However, I believe there is also a lifelong learning project of practicing what you already know.   I often visualize the job as a performance that uses skills.   We sometimes call the exercise of skills as a practice even though the expectation is that the skill is already learned.   An expert doesn’t need any further training to exercise his skill through practice, we just call this exercise of skill a practice.   However, I think even the expert exercising his skills is still learning.   No two performances are perfectly alike and there is some variation that could have been handled better or could indicate an area that requires more preparation for future performances.   A skill practice does involve real practicing and learning.

Recognizing that work is a lifelong learning process, the same lessons about learning could apply to working.

Just like the initially linked article suggesting we are doing learning wrong, I wonder if we are approaching working wrong.  The notion of a duty hour being filled with a precise list of preexisting skills is similar to the industrial engineering recommendations of more than a century ago.   Those studies found industrial efficiency in an assembly line approach where people are assigned very specific tasks requiring a limited number of previously trained skills to be repeated indefinitely.   It appears that this model is the standard for most types of modern work.    Certainly for new hires, a particular job requires prior qualification of the skill that the job requires to be exercised during the normal duty hours.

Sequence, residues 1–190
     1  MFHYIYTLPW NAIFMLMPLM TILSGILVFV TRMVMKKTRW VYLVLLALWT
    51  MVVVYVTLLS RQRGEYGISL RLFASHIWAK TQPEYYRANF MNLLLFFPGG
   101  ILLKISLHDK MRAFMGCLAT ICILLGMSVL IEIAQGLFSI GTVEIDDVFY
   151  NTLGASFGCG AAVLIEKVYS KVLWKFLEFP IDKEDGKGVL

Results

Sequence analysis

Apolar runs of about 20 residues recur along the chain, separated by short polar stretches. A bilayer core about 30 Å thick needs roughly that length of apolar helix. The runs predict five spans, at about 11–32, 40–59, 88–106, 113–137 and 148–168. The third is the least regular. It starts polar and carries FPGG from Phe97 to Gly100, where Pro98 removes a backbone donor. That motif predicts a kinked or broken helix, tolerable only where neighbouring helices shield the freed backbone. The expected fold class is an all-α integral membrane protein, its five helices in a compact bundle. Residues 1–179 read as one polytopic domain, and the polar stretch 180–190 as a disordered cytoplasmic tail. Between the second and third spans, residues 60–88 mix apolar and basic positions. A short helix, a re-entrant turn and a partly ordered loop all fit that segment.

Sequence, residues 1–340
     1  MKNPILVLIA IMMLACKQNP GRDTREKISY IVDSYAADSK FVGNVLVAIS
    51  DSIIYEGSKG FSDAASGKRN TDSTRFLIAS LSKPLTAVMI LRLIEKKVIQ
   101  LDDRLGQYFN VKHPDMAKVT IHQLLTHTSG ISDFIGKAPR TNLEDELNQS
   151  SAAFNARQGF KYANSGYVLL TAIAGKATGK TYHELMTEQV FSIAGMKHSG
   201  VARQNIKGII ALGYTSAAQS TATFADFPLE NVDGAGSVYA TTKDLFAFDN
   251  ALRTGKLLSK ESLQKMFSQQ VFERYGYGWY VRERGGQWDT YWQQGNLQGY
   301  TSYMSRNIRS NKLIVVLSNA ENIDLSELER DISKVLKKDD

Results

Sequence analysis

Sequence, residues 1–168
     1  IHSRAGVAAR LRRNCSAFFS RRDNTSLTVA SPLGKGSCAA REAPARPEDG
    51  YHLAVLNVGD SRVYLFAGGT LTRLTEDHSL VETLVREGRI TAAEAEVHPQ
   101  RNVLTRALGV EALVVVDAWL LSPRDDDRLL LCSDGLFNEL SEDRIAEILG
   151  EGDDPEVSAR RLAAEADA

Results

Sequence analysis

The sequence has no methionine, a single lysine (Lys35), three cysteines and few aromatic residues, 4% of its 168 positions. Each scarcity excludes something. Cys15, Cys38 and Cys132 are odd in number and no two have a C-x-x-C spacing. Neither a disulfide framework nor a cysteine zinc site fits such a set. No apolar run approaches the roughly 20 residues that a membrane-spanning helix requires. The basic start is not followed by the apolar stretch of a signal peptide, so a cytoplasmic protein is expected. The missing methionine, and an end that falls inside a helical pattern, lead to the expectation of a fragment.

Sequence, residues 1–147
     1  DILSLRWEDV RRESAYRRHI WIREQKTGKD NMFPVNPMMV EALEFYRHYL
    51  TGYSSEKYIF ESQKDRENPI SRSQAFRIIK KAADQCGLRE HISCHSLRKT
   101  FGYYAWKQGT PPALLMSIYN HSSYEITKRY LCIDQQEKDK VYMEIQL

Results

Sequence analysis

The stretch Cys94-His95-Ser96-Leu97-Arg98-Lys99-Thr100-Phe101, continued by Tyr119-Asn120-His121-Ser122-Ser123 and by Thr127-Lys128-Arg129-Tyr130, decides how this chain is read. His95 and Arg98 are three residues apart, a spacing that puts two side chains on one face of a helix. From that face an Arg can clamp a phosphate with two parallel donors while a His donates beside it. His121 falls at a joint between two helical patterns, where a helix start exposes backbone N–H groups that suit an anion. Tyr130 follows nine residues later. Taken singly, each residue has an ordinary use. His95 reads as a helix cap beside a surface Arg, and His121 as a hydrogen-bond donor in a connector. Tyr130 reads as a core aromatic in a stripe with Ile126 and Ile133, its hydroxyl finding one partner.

For knowledge workers and in the STEM fields in particular, the imagery of the industrial factory floor is replaced by office work involve substantial amounts of work at computers or attending meetings.   The work lacks the repetitive drudgery of the factory floor and instead often offers an environment for interactions in discussing problems.   However, there remains a similarity in that the jobs have constraints of what an individual is responsible for an what he is allowed to perform.   Sometimes departmental boundaries impose barriers where different departments have different to focus on different missions even though the work is similar.    Sometimes the skills or certifications constrain what an individual can participate in within a department.

As an engineer who once aspired to enter industrial engineering or its counterpart in systems engineering, I recognize the efficiency of designing business processes that treat people as skill-delivery units.   Such models optimize resource allocation by assuring the right skills are available at the right times in the right quantities.

Efficient operation of a business does not mean optimal operation and development of humans.